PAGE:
Thursday, August 11, 2022

Chinese buying mission to soon visit Pakistan: envoy


ISLAMABAD: Chinese Ambassador H.E. Yao Jing on Friday said a buying mission from China would soon visit Pakistan which will greatly help exporters of the country.

“A buying mission is coming to Pakistan. Such buying missions would be of great importance for Pakistani exporters and export growth of the country,” he said in a meeting with Advisor to Prime Minister on Textile, Commerce, Industry & Production and Investment Abdul Razak Dawood in Islamabad.

Abdul Razak Dawood underlined the need for enhancement of export to China and to the global market.

The advisor stated that in parallel to strong political affinity, Pakistan and China enjoyed excellent trade and commercial relations cemented further by signing of the China-Pakistan Free Trade Agreement (CPFTA) in 2006.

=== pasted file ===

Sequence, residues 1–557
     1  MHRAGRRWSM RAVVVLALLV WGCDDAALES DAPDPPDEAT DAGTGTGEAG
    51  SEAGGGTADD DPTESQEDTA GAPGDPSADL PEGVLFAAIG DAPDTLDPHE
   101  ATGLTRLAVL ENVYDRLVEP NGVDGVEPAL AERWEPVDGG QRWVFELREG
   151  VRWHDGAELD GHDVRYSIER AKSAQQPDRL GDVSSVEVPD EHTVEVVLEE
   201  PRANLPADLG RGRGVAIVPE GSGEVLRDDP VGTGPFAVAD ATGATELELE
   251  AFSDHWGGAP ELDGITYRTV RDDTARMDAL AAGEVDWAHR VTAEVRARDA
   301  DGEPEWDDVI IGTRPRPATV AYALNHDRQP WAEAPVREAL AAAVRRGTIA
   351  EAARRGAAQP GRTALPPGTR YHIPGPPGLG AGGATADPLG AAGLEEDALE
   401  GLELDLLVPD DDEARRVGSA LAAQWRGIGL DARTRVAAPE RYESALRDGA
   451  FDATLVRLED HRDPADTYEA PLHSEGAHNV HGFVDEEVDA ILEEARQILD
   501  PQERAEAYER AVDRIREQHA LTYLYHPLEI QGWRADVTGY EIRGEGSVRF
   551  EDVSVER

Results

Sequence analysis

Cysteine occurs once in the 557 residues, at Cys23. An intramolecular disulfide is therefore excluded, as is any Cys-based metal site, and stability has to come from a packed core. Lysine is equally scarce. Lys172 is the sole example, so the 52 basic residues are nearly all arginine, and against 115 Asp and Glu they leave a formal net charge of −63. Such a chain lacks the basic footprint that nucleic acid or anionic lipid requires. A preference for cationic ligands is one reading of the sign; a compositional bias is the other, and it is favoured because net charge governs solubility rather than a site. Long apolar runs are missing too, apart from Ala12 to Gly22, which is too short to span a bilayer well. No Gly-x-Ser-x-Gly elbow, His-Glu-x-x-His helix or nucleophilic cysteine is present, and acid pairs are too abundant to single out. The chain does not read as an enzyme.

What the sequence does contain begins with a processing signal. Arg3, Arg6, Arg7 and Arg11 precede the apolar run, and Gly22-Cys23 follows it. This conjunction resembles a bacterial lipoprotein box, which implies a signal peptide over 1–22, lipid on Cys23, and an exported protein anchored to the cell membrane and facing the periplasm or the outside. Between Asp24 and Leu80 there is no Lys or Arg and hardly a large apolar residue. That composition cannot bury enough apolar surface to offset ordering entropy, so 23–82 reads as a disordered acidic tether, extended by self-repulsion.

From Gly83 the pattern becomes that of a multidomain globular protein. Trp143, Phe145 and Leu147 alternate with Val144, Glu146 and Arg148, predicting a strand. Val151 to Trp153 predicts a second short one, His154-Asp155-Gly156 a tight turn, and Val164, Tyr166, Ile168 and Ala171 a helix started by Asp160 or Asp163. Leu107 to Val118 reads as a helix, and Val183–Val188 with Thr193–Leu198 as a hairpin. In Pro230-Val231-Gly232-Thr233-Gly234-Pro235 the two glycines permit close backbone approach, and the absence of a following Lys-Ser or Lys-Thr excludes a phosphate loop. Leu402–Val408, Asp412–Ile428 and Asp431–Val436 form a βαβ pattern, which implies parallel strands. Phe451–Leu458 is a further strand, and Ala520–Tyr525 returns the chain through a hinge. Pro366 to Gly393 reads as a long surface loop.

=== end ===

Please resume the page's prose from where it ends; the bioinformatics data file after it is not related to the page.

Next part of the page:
“Signing of the China -Pakistan Economic Corridor added another dimension to the ever growing trade and economic relations between the two brotherly countries,” he said.

He felicitated the Chinese Ambassador for holding a mega event like China International Import Expo in November, 2018, at Shanghai and expressed gratitude for declaring Pakistan “Guest of Honour” during the event.

Read More: China rejects reports regarding delay in CPEC construction

Both side agreed to work more closely to build a brighter and prosperous future for the region.

In a message on Defence Day, Yao Jing said China would continue supporting Pakistan in safeguarding its sovereignty and ensuring its national security.

Earlier, Spokesperson of the Chinese Foreign Ministry rejected a media report regarding delay in the construction of the CPEC, saying the Pakistani government had termed the project a priority for the country.

“We have noticed the relevant reports and also noted that the officials interviewed by the Financial Times have come forward to clarify it,” Geng Shuang said during his regular briefing.

He said the Pakistani Ministry of Commerce issued a statement saying that the Pakistani officials quoted by the Financial Times were out of context and distorted the original intention, and the Pakistani side refused to acknowledge the report.


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